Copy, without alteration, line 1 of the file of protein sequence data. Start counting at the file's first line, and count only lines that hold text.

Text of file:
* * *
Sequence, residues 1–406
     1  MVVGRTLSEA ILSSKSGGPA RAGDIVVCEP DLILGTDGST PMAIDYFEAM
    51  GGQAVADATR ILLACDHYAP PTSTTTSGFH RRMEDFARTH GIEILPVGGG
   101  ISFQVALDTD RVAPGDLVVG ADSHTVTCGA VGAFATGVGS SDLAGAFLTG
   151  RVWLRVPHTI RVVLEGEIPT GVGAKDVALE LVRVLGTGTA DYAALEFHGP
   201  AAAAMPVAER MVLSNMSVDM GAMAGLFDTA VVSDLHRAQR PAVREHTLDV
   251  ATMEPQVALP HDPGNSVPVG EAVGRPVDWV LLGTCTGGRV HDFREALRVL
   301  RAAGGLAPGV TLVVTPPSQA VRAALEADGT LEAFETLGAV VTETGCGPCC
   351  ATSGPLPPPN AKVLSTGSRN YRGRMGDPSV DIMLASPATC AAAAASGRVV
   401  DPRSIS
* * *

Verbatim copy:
Sequence, residues 1–406